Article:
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Related to twiddle: twiddle thumbs
The tilde character.
(To make) a small or insignificant change. E.g. twiddling a program often fixes one bug and generates several new ones (see also shotgun debugging). Bits are often twiddled. Twiddling a switch or knob implies much less sense of purpose than toggling or tweaking it; see frobnicate. Bit twiddling connotes aimlessness, and at best doesn't specify what you're doing to the bit; to "toggle a bit" has a more specific meaning.
tilde(1) In mathematics, the tilde (~) stands for equivalence; for example, a ~ b means "a is equivalent to b" (not equal, but comparable). It also stands for approximation. Officially written as two tildes, one over the other, the single tilde has become acceptable; for example, ~100 means "approximately 100."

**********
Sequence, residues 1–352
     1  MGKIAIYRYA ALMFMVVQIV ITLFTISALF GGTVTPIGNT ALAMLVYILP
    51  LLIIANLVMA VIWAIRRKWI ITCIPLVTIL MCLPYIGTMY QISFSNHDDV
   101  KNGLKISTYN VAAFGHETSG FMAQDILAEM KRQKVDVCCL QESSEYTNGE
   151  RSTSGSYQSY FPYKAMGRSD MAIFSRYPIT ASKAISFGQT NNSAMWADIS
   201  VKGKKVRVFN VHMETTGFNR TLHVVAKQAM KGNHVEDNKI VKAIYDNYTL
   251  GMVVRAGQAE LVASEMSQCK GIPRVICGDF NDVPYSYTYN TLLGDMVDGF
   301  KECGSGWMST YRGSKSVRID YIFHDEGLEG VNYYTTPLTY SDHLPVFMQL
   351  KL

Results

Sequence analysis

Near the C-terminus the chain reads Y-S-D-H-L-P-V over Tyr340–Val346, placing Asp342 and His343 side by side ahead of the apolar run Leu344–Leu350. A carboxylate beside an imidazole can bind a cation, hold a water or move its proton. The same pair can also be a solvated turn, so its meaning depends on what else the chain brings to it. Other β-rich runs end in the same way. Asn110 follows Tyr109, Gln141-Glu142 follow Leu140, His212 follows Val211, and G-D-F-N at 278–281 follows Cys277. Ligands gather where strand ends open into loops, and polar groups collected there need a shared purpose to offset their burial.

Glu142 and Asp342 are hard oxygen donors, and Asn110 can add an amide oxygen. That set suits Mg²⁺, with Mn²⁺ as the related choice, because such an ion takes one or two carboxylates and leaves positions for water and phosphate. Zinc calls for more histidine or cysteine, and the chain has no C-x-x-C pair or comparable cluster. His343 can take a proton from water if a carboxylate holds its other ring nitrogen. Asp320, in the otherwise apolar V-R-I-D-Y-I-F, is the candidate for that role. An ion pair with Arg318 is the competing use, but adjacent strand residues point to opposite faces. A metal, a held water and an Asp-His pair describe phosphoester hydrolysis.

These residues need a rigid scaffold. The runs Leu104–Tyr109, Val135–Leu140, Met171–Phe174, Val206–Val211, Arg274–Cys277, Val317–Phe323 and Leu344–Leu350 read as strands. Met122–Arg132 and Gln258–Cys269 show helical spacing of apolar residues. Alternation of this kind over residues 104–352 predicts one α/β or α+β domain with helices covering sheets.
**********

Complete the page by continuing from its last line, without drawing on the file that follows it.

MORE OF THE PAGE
(2) In the Unix world, the popular Unix shells, except for the Bourne shell, support a home directory name substitution using the tilde (~). Also called a "squiggle" or "twiddle," the symbol is a prefix. For example, ~ jackson would refer to the "jackson" home directory. See shell and home directory.
(3) In Windows 95/98, the tilde (~) was used to maintain a short version of a long file or folder name for compatibility with Windows 3.1 and DOS. See Win Short file names.
(4) In Spanish, the tilde (~) turns the letter "n" into a "nyeh" sound such as in mañana; pronounced "mah-nyah-nah," which means "tomorrow" and "morning" (tomorrow morning is "mañana por la mañana"). In Portuguese, the tilde over the letters "a" and "o" adds a slight nasal sound to the syllable.